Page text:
Unlike starchy vegetables, nonstarchy vegetables are low in both carbohydrates and calories, making them a particularly healthy addition to your diet. On average, a 1/2-cup serving of cooked nonstarchy vegetables or a cup of raw nonstarchy vegetables has only 25 calories and 2 grams of carbohydrates. These vegetables are also filled with fiber and essential vitamins and minerals.
Green Leafy Vegetables
Green leafy vegetables, such as Swiss chard, kale, spinach, lettuce, broccoli, collard greens, mustard greens, bok choy, watercress and turnip greens, provide folate, which is important for forming DNA and preventing certain types of birth defects. Broccoli also contains beneficial plant chemicals called indoles that may help with cancer prevention, and many green vegetables also provide the antioxidant lutein, which helps keep your vision healthy. The U.S. Department of Agriculture recommends eating at least 1 1/2 to 2 cups of these vegetables per week as part of your daily recommended vegetable consumption of at least 2 to 3 cups. The American Diabetes Association recommends eating 3 to 5 cups of nonstarchy vegetables per day.
Red and Orange Vegetables
Nonstarchy vegetables include many red and orange vegetables, such as tomatoes, pumpkin, winter squash, carrots and red bell peppers. Tomatoes provide the antioxidant lycopene and orange vegetables contain beta-carotene, both of which may help limit your risk for cancer. Beta-carotene also helps keep your eyes and heart healthy. The USDA recommends eating at least 4 to 6 cups of these vegetables each week.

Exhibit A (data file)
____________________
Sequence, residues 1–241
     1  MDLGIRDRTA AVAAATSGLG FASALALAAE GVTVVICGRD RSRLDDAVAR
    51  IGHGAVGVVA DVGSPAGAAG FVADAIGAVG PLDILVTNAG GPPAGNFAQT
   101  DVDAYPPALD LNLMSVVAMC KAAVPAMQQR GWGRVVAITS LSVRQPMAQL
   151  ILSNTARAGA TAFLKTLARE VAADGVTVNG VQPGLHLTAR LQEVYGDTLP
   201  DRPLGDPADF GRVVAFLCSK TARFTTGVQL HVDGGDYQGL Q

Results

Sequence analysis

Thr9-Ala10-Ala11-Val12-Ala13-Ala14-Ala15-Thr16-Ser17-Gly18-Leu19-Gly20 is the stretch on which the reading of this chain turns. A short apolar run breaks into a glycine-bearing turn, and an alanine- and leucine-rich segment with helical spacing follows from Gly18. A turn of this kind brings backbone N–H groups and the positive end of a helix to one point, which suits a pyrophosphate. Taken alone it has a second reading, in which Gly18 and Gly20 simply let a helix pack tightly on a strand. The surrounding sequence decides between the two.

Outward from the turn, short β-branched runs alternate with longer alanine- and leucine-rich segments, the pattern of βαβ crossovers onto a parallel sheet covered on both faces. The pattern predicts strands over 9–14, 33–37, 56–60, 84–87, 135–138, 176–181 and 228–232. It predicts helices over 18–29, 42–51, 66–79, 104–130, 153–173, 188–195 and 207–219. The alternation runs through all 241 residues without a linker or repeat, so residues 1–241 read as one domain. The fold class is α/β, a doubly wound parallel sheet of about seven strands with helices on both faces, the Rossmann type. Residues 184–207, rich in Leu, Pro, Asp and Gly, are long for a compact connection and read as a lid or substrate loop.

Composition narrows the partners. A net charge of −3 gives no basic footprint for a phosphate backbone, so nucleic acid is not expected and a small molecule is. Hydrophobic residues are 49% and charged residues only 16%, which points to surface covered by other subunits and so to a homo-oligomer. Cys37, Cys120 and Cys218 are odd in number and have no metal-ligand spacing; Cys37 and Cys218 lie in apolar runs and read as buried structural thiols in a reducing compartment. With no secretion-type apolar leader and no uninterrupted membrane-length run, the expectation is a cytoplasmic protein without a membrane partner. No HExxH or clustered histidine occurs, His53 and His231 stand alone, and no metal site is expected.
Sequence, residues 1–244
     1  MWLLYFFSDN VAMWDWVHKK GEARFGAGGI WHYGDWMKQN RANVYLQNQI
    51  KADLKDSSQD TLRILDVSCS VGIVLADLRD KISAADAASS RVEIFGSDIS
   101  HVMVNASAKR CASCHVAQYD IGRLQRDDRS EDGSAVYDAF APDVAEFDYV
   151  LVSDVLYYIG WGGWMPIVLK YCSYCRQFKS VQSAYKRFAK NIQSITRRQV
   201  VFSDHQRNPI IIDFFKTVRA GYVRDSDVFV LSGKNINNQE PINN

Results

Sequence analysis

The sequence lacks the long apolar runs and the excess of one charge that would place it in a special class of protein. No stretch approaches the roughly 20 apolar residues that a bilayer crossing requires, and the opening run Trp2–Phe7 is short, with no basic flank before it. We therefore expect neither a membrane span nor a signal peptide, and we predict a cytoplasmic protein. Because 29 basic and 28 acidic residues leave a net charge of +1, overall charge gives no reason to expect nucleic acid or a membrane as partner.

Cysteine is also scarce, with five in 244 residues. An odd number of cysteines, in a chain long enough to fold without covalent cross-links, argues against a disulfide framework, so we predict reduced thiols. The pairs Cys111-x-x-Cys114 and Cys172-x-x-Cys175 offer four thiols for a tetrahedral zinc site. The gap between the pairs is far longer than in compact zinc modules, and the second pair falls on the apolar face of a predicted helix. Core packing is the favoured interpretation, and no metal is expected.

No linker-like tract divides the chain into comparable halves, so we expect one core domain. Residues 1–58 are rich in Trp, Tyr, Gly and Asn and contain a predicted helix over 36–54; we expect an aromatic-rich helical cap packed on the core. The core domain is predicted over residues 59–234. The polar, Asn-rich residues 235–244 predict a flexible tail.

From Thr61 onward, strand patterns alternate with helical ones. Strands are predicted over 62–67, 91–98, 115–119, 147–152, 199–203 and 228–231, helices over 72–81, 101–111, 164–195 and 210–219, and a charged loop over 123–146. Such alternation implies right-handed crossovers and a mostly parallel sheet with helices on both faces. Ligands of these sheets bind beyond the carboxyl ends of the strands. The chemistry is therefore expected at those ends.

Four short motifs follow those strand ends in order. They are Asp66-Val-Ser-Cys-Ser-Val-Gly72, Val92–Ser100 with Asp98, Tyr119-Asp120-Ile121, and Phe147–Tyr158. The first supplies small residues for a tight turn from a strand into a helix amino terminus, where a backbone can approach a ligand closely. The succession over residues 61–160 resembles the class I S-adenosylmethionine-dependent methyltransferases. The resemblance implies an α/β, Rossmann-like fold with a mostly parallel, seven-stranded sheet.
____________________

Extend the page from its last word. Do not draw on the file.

Other Nonstarchy Vegetables
You should also eat at least 3 1/2 to 5 cups of other nonstarchy vegetables each week, according to the USDA. These vegetables include purple vegetables, such beets, eggplants and red cabbage, which provide antioxidants called anthocyanins that may help lower your heart disease and cancer risk. Other nonstarchy vegetables include radishes, bamboo shoots, snap peas, baby corn, jicama, kohlrabi, rutabaga, water chestnuts, cauliflower, mushrooms, onions, turnips, green beans, cucumber, bean sprouts, brussels sprouts, asparagus, artichokes, okra, zucchini, green peppers and wax beans.
Adding More Vegetables to Your Diet
Fill half your plate at each meal with nonstarchy vegetables, and you'll have a more filling meal with fewer calories than if you'd reserved a smaller portion of your plate for these foods. Start your meal with a salad, add vegetables to soups and pasta sauces or replace some of the meat and cheese in your sandwiches with sliced vegetables to increase your vegetable consumption. Choose fresh and frozen vegetables more often than canned vegetables, which can by high in sodium, and don't add butter or high-fat sauces to your vegetables because this can cause them to be high in calories.